"That tells us that their system is not collecting the data that they need to report," says Hoyt. "And if they're not totally automated they can go find it on paper. So that is either a) a vendor issue, or b) an implementation and process redesign issue."
Vendor "issues" are another common complaint.
Even as long ago as this past summer, some observers were noticing disquieting trends from providers. In July 2013, MGMA consultant Derek Kosiorek noted that he was concerned with what he was seeing in the field. "The over-reliance on the vendors is stunning," he said.
Too many practices, he said, were simply "waiting for the vendors to release the product." And too often, as we've seen, that product is slow or late in coming.
As Frank Irving, editor of Healthcare IT News' sister publication, Medical Practice Insider, reported in May, EHR vendors' failings, especially that they had been slow in releasing the necessary upgrades, and that was having serious real-world consequences for well-meaning providers.
"This year the challenge is the 2014 upgrade," Erin Dormaier, program manager for CFMC, Colorado's Medicare Quality Improvement Organization, told MPI. Specifically, she referred to one "relatively popular" vendor, whose tardiness would effectively preclude first-year attesting providers from meeting the Oct. 1 deadline.
Federal agencies are bending, to an extent. Practices nationwide are filing for hardship extensions with CMS, proving that their attestation has been hamstrung by delays in certified products.
But when it comes to CMS and ONC, the current flexibility is about "the extent to which they can do it for 2014," says Leary – when it comes to quality reporting, especially.
"What we're looking at in 2015 is that, from a clinical quality measure perspective, they coordinate with other federal programs," he says. "We just got the HIMSS board of directors to approve a truncated timeline, which would be a new approach for the government – 90-day reporting, as opposed to the full year, for 2015 for anyone who's in year two of Stage 2.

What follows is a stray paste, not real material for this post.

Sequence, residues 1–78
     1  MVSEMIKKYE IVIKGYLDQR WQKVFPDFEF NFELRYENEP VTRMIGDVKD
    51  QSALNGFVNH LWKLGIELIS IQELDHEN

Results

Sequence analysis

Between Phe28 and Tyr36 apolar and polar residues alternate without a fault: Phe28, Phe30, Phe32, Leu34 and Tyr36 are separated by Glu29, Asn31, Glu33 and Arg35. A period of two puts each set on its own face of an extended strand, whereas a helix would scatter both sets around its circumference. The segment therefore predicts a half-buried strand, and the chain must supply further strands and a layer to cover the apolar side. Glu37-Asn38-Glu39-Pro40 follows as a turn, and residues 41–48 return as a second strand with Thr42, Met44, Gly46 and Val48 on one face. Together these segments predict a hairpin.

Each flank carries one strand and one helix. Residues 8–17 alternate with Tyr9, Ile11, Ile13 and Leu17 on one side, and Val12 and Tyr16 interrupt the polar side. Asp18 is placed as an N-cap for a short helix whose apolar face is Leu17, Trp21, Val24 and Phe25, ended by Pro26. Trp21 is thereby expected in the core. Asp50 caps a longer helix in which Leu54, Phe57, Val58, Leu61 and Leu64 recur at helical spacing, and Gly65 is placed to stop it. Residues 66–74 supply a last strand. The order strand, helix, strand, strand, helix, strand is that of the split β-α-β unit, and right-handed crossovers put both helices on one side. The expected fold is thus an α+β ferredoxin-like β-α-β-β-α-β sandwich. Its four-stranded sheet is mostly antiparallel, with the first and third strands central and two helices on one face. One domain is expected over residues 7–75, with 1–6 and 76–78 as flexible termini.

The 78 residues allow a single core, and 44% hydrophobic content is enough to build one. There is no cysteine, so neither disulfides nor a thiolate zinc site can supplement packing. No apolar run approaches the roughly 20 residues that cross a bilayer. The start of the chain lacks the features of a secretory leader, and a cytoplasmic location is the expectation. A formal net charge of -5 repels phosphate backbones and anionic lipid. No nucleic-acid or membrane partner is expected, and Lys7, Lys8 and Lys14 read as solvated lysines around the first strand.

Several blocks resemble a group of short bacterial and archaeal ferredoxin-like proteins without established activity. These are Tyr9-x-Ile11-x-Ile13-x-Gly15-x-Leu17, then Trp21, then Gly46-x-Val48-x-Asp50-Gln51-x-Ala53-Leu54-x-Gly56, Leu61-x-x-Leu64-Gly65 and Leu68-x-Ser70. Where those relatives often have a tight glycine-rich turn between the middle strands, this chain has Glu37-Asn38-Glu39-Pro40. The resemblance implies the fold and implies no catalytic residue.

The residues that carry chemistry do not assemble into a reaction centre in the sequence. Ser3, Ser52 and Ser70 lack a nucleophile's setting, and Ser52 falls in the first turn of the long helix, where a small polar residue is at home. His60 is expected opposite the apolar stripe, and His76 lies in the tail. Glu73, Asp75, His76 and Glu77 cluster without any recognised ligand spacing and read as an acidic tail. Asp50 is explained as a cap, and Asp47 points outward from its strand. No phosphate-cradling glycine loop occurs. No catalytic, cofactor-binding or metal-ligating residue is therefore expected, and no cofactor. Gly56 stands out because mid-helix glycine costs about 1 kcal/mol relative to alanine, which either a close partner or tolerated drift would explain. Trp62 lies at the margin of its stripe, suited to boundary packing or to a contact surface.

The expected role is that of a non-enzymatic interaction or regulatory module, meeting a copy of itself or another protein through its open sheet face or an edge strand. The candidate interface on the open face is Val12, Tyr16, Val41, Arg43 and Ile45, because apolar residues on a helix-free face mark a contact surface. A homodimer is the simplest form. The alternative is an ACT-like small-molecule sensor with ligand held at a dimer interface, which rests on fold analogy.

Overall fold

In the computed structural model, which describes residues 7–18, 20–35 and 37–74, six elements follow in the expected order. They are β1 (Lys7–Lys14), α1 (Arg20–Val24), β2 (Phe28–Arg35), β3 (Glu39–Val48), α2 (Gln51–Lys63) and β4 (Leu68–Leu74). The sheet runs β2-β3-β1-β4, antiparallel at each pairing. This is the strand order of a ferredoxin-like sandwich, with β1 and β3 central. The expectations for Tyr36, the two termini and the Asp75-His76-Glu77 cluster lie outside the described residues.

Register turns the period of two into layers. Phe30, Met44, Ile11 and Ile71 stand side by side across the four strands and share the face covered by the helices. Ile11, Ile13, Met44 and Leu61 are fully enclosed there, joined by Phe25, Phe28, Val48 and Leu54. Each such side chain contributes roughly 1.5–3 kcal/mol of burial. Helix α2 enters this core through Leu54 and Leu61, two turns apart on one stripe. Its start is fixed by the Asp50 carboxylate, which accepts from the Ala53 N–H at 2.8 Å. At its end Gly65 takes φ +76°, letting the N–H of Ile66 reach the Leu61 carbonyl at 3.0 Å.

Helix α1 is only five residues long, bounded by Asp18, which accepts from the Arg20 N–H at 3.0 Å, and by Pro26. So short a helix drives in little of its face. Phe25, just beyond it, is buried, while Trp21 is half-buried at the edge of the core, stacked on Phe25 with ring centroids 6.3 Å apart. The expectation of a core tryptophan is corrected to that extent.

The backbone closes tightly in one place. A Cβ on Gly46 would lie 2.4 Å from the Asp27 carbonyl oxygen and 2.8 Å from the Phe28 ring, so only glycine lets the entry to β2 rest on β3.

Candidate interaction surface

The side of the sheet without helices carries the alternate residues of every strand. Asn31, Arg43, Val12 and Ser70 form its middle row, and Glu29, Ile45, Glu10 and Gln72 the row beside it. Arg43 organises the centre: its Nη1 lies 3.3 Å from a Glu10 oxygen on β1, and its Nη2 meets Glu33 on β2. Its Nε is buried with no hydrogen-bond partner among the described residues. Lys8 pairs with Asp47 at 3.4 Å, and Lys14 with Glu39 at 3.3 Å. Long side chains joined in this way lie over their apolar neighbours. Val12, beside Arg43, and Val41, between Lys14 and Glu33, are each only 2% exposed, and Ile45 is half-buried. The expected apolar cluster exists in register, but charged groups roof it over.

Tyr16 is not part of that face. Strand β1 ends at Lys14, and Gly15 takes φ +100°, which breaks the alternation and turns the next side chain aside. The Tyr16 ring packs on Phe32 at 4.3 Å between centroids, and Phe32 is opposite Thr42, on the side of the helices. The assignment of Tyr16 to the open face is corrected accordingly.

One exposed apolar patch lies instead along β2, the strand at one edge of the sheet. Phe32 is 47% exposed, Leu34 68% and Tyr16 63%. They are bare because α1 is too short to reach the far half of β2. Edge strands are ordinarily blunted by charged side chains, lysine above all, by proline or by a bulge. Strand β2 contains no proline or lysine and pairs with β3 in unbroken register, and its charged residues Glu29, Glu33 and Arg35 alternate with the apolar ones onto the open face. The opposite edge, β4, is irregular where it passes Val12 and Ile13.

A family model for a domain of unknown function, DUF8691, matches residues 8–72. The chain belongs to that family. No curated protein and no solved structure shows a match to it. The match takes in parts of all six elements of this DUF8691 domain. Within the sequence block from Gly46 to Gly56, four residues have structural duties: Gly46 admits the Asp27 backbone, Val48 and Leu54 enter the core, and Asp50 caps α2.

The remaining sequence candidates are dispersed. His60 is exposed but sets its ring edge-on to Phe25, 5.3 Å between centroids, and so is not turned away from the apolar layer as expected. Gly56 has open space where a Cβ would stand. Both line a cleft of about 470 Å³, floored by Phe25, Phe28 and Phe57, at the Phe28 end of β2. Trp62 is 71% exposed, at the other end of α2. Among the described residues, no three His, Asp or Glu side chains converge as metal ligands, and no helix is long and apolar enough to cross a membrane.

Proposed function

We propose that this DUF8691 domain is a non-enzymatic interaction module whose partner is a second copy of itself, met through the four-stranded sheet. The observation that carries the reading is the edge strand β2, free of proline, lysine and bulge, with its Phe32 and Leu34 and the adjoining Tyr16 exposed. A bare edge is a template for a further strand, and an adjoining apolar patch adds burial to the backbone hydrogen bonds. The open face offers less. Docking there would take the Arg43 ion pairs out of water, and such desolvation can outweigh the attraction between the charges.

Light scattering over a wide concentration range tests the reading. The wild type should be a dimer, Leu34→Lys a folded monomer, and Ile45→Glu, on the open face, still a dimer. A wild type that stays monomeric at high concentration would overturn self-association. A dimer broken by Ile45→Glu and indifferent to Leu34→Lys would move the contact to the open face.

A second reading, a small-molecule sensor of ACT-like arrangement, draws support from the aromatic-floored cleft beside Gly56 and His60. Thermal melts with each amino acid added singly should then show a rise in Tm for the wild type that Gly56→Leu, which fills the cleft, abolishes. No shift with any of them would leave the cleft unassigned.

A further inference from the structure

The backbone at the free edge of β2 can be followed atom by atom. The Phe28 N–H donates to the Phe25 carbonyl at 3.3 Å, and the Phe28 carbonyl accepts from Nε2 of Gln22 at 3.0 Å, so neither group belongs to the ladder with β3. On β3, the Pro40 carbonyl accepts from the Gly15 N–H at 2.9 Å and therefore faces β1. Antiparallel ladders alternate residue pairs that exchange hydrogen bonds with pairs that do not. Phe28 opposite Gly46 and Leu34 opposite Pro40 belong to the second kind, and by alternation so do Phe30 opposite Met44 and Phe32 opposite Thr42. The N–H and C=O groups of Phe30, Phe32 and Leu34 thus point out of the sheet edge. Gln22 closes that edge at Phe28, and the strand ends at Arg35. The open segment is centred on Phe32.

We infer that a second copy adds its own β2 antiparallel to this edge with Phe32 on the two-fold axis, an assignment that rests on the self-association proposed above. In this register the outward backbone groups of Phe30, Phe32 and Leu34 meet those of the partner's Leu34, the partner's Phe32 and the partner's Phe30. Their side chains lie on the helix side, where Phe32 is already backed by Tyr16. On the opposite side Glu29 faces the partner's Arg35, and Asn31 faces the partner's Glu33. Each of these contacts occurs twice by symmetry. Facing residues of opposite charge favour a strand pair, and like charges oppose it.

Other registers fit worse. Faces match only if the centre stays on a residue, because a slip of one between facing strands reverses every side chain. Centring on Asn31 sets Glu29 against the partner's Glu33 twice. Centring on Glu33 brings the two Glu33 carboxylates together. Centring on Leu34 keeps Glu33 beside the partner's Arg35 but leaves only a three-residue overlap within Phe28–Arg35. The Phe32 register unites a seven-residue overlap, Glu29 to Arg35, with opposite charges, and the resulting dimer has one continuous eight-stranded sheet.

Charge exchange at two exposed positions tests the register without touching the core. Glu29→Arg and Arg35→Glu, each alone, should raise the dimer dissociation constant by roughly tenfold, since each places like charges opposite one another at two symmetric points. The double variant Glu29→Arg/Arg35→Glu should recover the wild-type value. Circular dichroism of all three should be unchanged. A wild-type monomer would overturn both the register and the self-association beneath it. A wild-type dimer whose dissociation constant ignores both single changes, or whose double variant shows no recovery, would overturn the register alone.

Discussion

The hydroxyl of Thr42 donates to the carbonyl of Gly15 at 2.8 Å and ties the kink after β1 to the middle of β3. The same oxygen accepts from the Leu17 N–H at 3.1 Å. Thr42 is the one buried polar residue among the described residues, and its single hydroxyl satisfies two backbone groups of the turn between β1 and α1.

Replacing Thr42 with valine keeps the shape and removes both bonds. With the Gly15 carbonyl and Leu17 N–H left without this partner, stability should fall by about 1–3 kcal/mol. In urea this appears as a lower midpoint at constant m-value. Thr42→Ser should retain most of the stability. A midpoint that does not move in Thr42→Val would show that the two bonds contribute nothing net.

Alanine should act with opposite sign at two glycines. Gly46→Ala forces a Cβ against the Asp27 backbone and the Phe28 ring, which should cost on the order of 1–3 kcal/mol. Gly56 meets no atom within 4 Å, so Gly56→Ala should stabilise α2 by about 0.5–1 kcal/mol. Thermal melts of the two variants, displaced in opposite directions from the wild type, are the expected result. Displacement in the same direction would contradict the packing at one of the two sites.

"And also, getting it in sync with (CMS') inpatient prospective payment system, which would allow a little more flexibility around when information is gathered and have the same requirements – submit the same requirements – as opposed to two different programs having separate and equally time- consuming in terms of information gathering, so they sync up the requirements even more thoroughly."
But, "in terms of what are they going to do in 2014, we're running out of time," he says. "There's not much more they can do for Stage 2 other than what the AHA and AMA have been calling for, in terms of creating some extra flexibility in terms of how close you get to the percentages.
"If you get 23.5 percent, instead of 25, are you still a meaningful user if you've come up (to that point) from 7 percent? (But) our board has not been supportive of that. Because where's the threshold then? Everybody has agreed on the threshold for these percentages, they've known about them. If you get nine out of 10 on this, three out of four on another – suddenly you've just got a big old … something that's more difficult to manage."
Right now, it's looking like Stage 2 itself is too difficult to manage for too many hospitals and practices. With so few attesting so far, can we really expect a significant uptick by the end of this year?
"I would say probably not," says Hoyt. "I would not expect a floodgate. We should have had more momentum early on. That means there are clearly software and process issues. And it takes a long time to solve those. I think we're going to be looking at a significant deficit."